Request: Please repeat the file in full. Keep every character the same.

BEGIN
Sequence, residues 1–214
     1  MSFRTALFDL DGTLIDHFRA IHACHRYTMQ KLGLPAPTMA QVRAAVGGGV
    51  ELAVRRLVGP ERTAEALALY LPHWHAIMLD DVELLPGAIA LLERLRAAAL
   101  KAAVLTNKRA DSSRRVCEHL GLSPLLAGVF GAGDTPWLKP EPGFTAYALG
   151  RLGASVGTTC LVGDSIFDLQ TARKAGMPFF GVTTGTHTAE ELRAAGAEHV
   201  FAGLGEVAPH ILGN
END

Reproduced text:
Sequence, residues 1–214
     1  MSFRTALFDL DGTLIDHFRA IHACHRYTMQ KLGLPAPTMA QVRAAVGGGV
    51  ELAVRRLVGP ERTAEALALY LPHWHAIMLD DVELLPGAIA LLERLRAAAL
   101  KAAVLTNKRA DSSRRVCEHL GLSPLLAGVF GAGDTPWLKP EPGFTAYALG
   151  RLGASVGTTC LVGDSIFDLQ TARKAGMPFF GVTTGTHTAE ELRAAGAEHV
   201  FAGLGEVAPH ILGN